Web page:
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If

  • a dog barks "woof" (or some other variation)
  • a frog croaks "ribbit"

is there a verb for when cats "meow" other than "meow" itself?

I am specifically looking for a word that is usually only associated with a cat's "meow" similar to how bark is usually only associated with a dog's "woof", so cry as suggested in "Term for “representative” animal sound?" won't work.

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    (As an aside not really related to the question, most frogs don’t croak ‘ribbit’—they make an impressively varied range of noise, of which only a small number are even close to the characteristic sound we think of as a ribbit.) – Janus Bahs Jacquet Jul 20 '18 at 8:47
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    Cats are supposed to meow or purr only. All the same, the representations of their sound is always called onomatopoeia. – Kris Jul 20 '18 at 8:47
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    The only possible expression seems to be "the animal made a sound" or even, "said." – Kris Jul 20 '18 at 8:52
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    @JanusBahsJacquet As a continuation of your aside, the OED shocked me by discussing how the word 'ribbit' itself only dates to the '60s, when it was popularized on American television by cartoons featuring Mel Blanc & co. – lly Jul 20 '18 at 13:12
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Consider mew (it's kind of cheating, I know, but ODO lists it as a verb first, as opposed to the entries listing miaow/meow as a noun first).

mew verb (of a cat or gull) make a characteristic high-pitched crying noise. ‘Her cat mewed at her anxiously and snarled at Cameron, who snarled right back.’ - ODO

Depending on the cat's temper at the time, snarl from the second example above might work instead; or perhaps purr. Big cats such as lions roar, but that sound is nothing like a meow.

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    Even I got the question wrong it seems. A verb for when cats make a sound other than "meow" itself. – Kris Jul 20 '18 at 8:49
  • @Kris Then this answer scrapes by on a technicality. :) – Lawrence Jul 20 '18 at 8:50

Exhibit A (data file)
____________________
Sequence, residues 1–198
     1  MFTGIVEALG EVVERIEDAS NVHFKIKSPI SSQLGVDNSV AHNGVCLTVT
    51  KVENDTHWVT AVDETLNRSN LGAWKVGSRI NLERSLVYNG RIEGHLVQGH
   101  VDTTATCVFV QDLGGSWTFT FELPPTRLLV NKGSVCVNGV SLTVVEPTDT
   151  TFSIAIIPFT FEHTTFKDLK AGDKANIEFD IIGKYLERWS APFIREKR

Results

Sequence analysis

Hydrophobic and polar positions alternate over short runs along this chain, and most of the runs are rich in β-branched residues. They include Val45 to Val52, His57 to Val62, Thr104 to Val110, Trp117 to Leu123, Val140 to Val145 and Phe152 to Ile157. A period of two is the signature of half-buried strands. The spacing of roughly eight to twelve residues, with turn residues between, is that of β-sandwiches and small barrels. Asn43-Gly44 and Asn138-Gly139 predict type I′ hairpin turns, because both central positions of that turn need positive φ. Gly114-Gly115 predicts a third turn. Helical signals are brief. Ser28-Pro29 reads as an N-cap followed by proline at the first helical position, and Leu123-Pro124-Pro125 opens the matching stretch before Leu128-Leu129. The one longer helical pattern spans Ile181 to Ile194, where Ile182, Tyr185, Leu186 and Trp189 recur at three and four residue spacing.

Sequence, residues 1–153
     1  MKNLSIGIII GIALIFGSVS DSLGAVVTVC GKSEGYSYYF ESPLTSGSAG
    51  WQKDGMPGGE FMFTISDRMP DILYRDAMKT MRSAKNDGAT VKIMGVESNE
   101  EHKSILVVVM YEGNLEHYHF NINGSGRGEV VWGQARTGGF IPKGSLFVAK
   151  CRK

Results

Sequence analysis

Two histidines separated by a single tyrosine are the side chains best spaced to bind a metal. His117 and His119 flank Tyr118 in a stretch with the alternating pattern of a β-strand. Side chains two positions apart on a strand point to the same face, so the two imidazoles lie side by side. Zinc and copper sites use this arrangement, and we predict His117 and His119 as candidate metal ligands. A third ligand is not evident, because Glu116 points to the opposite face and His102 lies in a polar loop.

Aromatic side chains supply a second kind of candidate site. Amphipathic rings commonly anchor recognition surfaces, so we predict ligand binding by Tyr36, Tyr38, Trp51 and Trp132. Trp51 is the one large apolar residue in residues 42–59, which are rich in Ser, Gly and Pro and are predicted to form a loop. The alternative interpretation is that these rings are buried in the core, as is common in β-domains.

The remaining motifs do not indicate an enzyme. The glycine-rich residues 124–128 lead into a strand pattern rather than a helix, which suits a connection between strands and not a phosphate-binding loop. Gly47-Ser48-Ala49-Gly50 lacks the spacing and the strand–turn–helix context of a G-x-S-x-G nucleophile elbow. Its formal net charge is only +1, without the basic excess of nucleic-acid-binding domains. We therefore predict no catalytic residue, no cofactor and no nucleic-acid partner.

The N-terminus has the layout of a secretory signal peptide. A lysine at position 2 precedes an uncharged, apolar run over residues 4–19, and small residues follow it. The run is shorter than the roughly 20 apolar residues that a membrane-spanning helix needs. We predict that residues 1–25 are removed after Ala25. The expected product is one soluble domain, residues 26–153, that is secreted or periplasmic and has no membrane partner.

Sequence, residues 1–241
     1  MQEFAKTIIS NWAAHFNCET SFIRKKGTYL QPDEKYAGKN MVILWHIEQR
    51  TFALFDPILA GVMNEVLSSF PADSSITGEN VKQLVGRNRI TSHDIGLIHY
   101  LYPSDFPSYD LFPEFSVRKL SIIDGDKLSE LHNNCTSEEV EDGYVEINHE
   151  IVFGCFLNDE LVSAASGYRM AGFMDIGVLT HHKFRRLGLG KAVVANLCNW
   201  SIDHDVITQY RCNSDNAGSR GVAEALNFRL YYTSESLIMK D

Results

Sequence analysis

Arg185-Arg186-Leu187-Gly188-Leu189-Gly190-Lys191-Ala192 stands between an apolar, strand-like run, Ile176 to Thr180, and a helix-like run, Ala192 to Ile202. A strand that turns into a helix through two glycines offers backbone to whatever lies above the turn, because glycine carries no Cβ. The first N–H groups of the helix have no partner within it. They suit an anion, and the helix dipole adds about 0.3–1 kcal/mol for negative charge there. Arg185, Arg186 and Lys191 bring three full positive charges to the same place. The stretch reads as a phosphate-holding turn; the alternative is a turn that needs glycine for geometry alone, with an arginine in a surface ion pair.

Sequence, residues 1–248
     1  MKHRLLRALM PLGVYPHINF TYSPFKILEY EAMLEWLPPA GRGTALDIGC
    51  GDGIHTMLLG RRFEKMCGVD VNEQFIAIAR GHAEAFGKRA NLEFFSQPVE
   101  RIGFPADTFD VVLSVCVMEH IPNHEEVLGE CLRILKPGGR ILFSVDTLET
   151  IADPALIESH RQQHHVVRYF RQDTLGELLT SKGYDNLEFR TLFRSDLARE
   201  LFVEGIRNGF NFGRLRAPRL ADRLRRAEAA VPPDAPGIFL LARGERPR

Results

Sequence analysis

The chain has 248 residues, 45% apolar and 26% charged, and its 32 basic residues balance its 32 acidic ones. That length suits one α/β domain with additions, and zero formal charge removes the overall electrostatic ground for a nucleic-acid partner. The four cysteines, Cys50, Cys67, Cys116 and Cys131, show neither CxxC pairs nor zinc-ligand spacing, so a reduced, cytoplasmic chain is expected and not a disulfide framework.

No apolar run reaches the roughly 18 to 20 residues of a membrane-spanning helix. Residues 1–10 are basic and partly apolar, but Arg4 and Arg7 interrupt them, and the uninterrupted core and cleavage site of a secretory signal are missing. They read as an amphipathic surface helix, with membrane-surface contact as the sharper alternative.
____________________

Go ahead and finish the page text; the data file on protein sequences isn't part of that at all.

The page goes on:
• See my new comment. What do you think? – Kris Jul 20 '18 at 8:53
  • @Kris It looks like the comment I responded to. The bit about cheating was that it's spelt differently from the OP's 4-letter cat call even though the difference in pronunciation is hardly on the scale of croak/ribbit or bark/woof. – Lawrence Jul 20 '18 at 9:00
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    @Lawrence: I think this is the only possible answer. Even if it's not completely satisfactory, don't delete it. – Peter Shor Jul 20 '18 at 10:48
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This answers your question only partially.

Cats howl at night during the mating season.

There are other types of mating calls or mating cries apart from howling and meowing, including trilling, cooing and mewing. Still other vocalisations are yowling, moaning and wailing.

Source: Melody in Human-Cat Communication project at Lund University (Yes, there is indeed such a thing!)

  • I think the thing to underline re: your source's claims is that these are all considered by them to be separate and distinguishable vocalizations, not synonyms that they would use interchangeably with one another. – lly Jul 20 '18 at 10:11
  • Yes, that's true. – nuraxi Jul 20 '18 at 10:57
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If

  • a dog barks "woof" (or some other variation)
  • a frog croaks "ribbit"

is there a verb for when cats "meow" other than "meow" itself?

I am specifically looking for a word that is usually only associated with a cat's "meow" similar to how bark is usually only associated with a dog's "woof", so cry... won't work.

First off, dogs don't bark "woof". They bark "bark". They're two different sounds. Ditto yelps, arfs, bows-wow, grunts, howls, whimpers, and cries. Ditto croaks and ribbits, although note that "ribbit" is apparently American frog slang rather than a formal register.

Second, it's just a second onomatopoeia that you're using in a verb sense to describe a second different onomatopoeia in a noun sense. Bark isn't a verb employed with the noun woof. They're both nouns (1, 2) and both can be used as a verb (1, 2) meaning "to make the sound ~". Same thing with "bow-wow" (1, 2). Same thing with "yelp" (1, 2). Same thing with cat noises.

Similarly, you could as easily have a cat "mew(l) 'meow' " or "purr 'mew(l)' " or "meow 'purr' ". They could "hiss" any of them. But all of those words should more properly describe different sounds.

That said, third, there are the verbs "waul" and "caterwaul" which means to wail (i.e., meow) like a cat in heat. The OED also particularly associates "yawl" and "yowl" with cats, albeit in the same limited sense: the pained meowing of a female cat in estrus.

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